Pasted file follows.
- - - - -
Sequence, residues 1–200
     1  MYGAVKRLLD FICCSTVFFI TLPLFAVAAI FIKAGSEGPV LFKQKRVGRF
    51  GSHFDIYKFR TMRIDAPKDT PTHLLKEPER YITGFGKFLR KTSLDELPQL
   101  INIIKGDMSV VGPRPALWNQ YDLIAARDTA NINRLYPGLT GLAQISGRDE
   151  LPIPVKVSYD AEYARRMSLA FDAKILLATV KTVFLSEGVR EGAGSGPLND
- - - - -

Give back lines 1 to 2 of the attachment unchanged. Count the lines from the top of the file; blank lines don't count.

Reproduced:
Sequence, residues 1–200
     1  MYGAVKRLLD FICCSTVFFI TLPLFAVAAI FIKAGSEGPV LFKQKRVGRF